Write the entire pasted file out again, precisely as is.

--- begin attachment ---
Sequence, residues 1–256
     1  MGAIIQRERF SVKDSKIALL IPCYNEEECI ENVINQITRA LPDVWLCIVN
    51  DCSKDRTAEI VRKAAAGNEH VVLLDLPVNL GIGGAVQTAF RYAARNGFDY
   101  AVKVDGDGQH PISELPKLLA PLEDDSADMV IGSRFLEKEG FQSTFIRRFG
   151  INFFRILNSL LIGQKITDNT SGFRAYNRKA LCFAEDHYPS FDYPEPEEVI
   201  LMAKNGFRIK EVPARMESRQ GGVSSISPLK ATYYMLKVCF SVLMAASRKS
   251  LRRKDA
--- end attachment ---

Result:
Sequence, residues 1–256
     1  MGAIIQRERF SVKDSKIALL IPCYNEEECI ENVINQITRA LPDVWLCIVN
    51  DCSKDRTAEI VRKAAAGNEH VVLLDLPVNL GIGGAVQTAF RYAARNGFDY
   101  AVKVDGDGQH PISELPKLLA PLEDDSADMV IGSRFLEKEG FQSTFIRRFG
   151  INFFRILNSL LIGQKITDNT SGFRAYNRKA LCFAEDHYPS FDYPEPEEVI
   201  LMAKNGFRIK EVPARMESRQ GGVSSISPLK ATYYMLKVCF SVLMAASRKS
   251  LRRKDA